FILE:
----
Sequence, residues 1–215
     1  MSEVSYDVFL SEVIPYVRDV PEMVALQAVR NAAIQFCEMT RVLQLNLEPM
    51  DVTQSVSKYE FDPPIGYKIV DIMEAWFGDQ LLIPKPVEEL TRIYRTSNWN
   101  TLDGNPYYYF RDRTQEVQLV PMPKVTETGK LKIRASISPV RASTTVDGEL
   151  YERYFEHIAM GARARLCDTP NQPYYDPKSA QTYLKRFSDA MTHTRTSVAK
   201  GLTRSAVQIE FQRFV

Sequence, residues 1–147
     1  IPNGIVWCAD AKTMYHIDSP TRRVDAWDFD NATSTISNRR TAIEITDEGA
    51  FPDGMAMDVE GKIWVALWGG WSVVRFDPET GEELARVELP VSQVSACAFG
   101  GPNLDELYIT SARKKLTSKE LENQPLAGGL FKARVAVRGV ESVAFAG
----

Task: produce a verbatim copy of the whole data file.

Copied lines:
Sequence, residues 1–215
     1  MSEVSYDVFL SEVIPYVRDV PEMVALQAVR NAAIQFCEMT RVLQLNLEPM
    51  DVTQSVSKYE FDPPIGYKIV DIMEAWFGDQ LLIPKPVEEL TRIYRTSNWN
   101  TLDGNPYYYF RDRTQEVQLV PMPKVTETGK LKIRASISPV RASTTVDGEL
   151  YERYFEHIAM GARARLCDTP NQPYYDPKSA QTYLKRFSDA MTHTRTSVAK
   201  GLTRSAVQIE FQRFV

Sequence, residues 1–147
     1  IPNGIVWCAD AKTMYHIDSP TRRVDAWDFD NATSTISNRR TAIEITDEGA
    51  FPDGMAMDVE GKIWVALWGG WSVVRFDPET GEELARVELP VSQVSACAFG
   101  GPNLDELYIT SARKKLTSKE LENQPLAGGL FKARVAVRGV ESVAFAG